Whether you’re interested in becoming a stockbroker or you’d like to go a little deeper with your research before investing, adopting a practice that experts use instead of going with whatever’s popular at the moment is a good way to potentially improve your portfolio and self-esteem. It can be a good feeling building wealth, beyond the tangible reasons, when you do it intelligently as a wise investor.
First things first, it’s important to point that when it comes to picking the right stock, there’s no magic formula that’ll always guarantee successful results. Even individuals who do this for a living get it wrong sometimes, so don’t beat yourself up if you’ve made a bad investment even after performing good market research. Many times, estimating a company’s value can be extremely difficult and subjective. So unless you’re gifted in telepathy and are clairvoyant, there’s always that chance of investing in a stock that takes a nose-dive for some reason you haven’t considered.
Regardless, there are two important aspects to consider when it comes to market research:
- Quantifiable Aspects: The revenue a company receives, their historical profit growth year after year and anything else that can be expressed as a fact or statistic.
- Qualitative Aspects: This includes leadership, the company’s culture and philosophy and the quality of their product or service.
Incorporating these two factors into your research is a good way to discovering great investment opportunities. Financial analysts will pour over balance sheets and income statements to find the quantifiable aspects of a business. If you desire to delve that deep into your research, sites like Yahoo Finance, MorningStar and MarketWatch.com often have all that information and more. But the qualitative factor can be subjective and based on personal opinion of a business which makes it difficult to measure.
Therefore, combine these two factors by using the Value Investing method
This method is basically where you purchase shares of a company you believe is undervalued and so will go up in time. Value Investing requires you to find the intrinsic value of a business, which involves some analysis.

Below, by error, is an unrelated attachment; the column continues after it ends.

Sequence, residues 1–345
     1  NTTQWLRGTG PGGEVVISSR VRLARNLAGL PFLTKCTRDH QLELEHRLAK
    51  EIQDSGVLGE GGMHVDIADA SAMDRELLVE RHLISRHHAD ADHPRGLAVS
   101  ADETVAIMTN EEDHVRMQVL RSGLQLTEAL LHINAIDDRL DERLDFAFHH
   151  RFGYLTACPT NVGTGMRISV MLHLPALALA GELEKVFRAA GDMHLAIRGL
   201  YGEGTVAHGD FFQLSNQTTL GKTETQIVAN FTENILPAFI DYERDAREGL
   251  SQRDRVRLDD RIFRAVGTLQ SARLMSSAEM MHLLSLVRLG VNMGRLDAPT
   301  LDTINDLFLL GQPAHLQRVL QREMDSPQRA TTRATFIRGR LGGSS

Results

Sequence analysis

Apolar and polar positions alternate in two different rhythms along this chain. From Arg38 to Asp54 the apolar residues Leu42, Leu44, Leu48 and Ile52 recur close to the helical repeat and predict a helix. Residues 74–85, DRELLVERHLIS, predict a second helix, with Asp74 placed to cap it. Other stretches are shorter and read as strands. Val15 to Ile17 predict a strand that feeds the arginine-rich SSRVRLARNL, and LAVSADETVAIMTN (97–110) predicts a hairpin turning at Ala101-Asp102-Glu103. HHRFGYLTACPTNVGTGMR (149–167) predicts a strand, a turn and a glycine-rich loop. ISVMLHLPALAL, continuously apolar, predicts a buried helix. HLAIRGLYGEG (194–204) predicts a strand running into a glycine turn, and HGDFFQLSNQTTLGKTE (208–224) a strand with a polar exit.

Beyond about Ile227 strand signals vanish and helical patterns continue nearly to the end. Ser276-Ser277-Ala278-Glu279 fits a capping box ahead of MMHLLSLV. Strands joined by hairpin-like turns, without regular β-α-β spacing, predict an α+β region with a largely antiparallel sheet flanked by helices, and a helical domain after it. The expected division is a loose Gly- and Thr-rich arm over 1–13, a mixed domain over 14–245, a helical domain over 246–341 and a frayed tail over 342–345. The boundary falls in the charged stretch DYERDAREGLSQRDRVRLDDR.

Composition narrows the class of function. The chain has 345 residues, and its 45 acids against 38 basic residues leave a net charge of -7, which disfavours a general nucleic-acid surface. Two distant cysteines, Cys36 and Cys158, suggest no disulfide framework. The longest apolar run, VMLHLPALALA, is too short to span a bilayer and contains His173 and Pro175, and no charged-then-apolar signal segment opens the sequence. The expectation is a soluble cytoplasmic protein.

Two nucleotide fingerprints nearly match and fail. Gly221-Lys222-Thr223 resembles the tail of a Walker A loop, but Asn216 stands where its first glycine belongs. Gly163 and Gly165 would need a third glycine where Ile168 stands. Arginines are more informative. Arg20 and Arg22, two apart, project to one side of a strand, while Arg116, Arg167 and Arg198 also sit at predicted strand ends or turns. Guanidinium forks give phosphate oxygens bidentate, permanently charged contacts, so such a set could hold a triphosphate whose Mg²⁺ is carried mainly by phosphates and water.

For example, say, in your research, you see a company that is normally profitable, has had no major defect or recalls in it’s product and also is established in its industry. Only thing is the CEO is involved in some scandal which most likely will cause the price of that stock to go down. If the company itself is great, but the leadership is not, it’s important to note that the CEO can always be replaced by a board and so the price of that company’s stock can go up as long as it continues on its path. This allows you to buy when the price is low (because of a temporary issue) and hold till they replace the CEO causing the price to return back to it’s intrinsic, or true, value.
This method of investing was created by David Dodd and Benjamin Graham, both patriarchs in the investing world, in 1934 with their book Security Analysis.
Other Scenarios of Value Investing
A bad CEO isn’t the only reason a company can be undervalued. The industry that company is in can be going through a rough patch (like the oil industry), which, once the industry rebounds, will reflect in its stock price. Or an abnormally warm winter for an energy company can result in a poor quarterly earnings report causing the stock price to drop for a season. Ultimately, this is a good strategy to hone when it comes to market research as it can boost your confidence and portfolio if your assumptions prove to be true time after time.
Investing like a pro
So deciding to spend more time in your research as if you were employed by a brokerage firm, minus the stock broker salary, can be very valuable and rewarding. And as with anything, practice and persistence will allow you to make better picks in the future earning you the Wise Investor title.